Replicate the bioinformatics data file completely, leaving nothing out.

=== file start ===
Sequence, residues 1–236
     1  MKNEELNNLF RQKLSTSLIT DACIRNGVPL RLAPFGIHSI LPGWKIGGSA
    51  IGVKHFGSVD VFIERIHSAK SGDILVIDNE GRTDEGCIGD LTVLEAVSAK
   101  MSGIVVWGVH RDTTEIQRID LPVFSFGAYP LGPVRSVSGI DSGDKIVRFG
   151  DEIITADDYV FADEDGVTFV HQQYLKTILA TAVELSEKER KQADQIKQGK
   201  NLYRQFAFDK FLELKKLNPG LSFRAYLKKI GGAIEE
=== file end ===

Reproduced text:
Sequence, residues 1–236
     1  MKNEELNNLF RQKLSTSLIT DACIRNGVPL RLAPFGIHSI LPGWKIGGSA
    51  IGVKHFGSVD VFIERIHSAK SGDILVIDNE GRTDEGCIGD LTVLEAVSAK
   101  MSGIVVWGVH RDTTEIQRID LPVFSFGAYP LGPVRSVSGI DSGDKIVRFG
   151  DEIITADDYV FADEDGVTFV HQQYLKTILA TAVELSEKER KQADQIKQGK
   201  NLYRQFAFDK FLELKKLNPG LSFRAYLKKI GGAIEE